Museums

Among the Period Rooms, a Failed Architect’s Fictional Apartment

by Francesco Dama on December 26, 2013

"Tomorrow", 2014. Exhibition view (alla images courtesy Vicoria and Albert Museum, London).

Elmgreen & Dragset, “Tomorrow” (2013) (all photos by Anders Sune Berg, courtesy the Victoria and Albert Museum, London)

LONDON — At the 2009 Venice Biennale, Elmgreen & Dragset converted the Danish and Nordic Pavilions into the stylish home of a mysterious “Mr. B.” People were able to visit his place, sit on his chairs, read his books, have a look at the collection of homoerotic drawings on the wall. The installation left visitors puzzled, making them wonder and ask questions about the life of the owner — whose fake corpse, just for the record, was floating face down in the swimming pool outside.

Elmgreen & Dragset, "Tomorrow" (2013) (click to enlarge)

Elmgreen & Dragset, “Tomorrow” (2013) (click to enlarge)

This fall, the artist duo did it again, with “Tomorrow” at the Victoria and Albert Museum. The museum commissioned them to create a site-specific installation in the former Textile Galleries. Elmgreen & Dragset transformed the space into a completely refurbished apartment belonging to a fictional character, using a combination of pieces from the V&A collection. This time, the obscure owner is an old man with failed ambitions. Dragset described him as:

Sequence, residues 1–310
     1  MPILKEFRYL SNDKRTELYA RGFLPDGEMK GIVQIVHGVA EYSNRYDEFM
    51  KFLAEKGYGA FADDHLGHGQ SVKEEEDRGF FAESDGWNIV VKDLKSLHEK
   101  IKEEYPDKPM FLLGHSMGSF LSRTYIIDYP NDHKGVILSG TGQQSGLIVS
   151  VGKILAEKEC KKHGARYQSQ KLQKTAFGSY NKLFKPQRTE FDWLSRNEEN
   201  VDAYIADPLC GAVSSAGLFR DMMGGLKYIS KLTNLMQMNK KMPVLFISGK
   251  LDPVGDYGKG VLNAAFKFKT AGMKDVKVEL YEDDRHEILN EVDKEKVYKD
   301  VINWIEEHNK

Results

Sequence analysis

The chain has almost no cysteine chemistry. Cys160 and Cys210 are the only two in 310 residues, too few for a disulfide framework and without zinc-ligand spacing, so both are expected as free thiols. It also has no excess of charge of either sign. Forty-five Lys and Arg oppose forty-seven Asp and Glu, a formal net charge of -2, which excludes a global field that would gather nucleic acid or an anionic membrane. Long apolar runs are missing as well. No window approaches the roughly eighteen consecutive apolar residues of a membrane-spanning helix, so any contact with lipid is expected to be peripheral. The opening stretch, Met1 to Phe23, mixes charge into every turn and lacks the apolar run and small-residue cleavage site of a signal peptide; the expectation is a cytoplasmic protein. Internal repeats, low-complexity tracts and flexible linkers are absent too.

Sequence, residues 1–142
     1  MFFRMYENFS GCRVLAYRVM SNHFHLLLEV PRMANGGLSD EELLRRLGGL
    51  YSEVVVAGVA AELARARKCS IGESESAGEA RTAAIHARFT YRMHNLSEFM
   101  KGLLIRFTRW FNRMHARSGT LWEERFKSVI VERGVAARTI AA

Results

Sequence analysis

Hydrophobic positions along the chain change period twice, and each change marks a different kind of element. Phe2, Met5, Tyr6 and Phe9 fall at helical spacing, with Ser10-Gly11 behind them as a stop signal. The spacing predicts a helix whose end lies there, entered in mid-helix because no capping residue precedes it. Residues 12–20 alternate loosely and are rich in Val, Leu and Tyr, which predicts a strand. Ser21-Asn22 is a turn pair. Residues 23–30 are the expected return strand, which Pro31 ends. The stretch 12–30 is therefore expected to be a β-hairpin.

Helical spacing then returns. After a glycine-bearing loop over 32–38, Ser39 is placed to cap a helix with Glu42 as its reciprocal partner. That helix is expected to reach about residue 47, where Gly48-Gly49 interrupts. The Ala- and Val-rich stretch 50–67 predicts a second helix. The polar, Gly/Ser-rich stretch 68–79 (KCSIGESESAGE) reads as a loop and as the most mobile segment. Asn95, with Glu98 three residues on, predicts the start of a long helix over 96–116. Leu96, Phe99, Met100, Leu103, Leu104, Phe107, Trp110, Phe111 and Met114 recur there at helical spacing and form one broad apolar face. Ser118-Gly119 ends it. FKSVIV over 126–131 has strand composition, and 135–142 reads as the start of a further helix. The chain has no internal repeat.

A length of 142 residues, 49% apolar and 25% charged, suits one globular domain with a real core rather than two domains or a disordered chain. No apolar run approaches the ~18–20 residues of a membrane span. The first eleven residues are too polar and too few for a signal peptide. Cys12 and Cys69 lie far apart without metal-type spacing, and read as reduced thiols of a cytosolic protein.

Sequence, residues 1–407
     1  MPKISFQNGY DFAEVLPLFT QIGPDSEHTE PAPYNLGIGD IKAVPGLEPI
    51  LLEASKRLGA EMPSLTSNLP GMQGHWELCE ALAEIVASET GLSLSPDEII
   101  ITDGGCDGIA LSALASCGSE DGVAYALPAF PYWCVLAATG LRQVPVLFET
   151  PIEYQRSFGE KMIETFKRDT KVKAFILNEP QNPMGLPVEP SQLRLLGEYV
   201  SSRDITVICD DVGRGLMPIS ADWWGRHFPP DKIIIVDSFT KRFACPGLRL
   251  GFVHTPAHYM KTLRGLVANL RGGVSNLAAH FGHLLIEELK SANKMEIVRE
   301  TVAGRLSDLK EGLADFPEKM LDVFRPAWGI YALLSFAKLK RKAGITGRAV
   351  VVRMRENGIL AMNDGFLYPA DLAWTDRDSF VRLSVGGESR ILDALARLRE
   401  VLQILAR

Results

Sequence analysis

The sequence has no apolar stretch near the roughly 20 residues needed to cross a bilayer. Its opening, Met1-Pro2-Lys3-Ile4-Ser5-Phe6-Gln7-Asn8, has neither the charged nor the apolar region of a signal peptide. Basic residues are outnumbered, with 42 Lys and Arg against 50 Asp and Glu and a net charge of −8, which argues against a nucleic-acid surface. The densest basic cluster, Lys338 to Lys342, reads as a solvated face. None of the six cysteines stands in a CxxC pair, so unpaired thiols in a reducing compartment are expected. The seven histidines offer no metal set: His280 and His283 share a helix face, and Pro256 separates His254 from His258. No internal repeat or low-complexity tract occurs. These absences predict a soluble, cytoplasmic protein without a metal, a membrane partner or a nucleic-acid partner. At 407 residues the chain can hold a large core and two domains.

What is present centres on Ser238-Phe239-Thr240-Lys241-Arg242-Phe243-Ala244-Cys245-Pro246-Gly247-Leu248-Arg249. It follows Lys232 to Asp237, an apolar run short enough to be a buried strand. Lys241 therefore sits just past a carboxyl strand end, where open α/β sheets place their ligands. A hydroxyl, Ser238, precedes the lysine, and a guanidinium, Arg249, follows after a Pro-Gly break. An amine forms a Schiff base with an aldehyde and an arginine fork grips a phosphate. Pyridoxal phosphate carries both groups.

an elderly architect, 75 years old, a failed architect. He had a lot of great ideas — he was quite visionary but he never got to realize any of his projects. He was a part-time teacher, probably at Cambridge. Visitors can see a lot of his models in the study that we install as part of his home. You do get a sense that this is a grand South Kensington apartment; all these things have trickled down through generations, and now maybe the old architect living there might be the last person to sit on this from the family empire.

Elmgreen & Dragset, "Tomorrow" (2013) (click to enlarge)

Elmgreen & Dragset, “Tomorrow” (2013) (click to enlarge)

Inspired by the setting, the artists wrote a script for their disillusioned, Bergman-style character. You can see signs of him throughout the luxurious flat: his spectacles, his unmade bed, an ashtray with some cigarette butts. He seems to be in the shower — or so we’re encouraged to think, as we hear the water jets from behind a closed door — while visitors look around. You can even peek into drawers and cupboards, searching for clues. Not surprisingly, he takes antidepressants.

The apartment is quite striking, especially considering its location. The period rooms of the Victoria and Albert Museum, set with staged environments that aim for didacticism, make an interesting contrast with the rooms of “Tomorrow,” where visitors can take greater liberties in their behavior, actively interacting with some of the objects. Moreover, the boundaries between the installation and the museum aren’t really clear. As a result, Elmgreen & Dragset’s installation evokes a feeling that’s typical of their works — puzzlement, disorienting visitors by offering almost endless interpretative choices.

Elmgreen & Dragset, “Tomorrow” (2013)

Elmgreen & Dragset, “Tomorrow” (2013)

Elmgreen & Dragset, “Tomorrow” (2013)

Elmgreen & Dragset, “Tomorrow” (2013)

Elmgreen & Dragset’s “Tomorrow” is on view at the Victoria and Albert Museum (Cromwell Road, London) through January 2.

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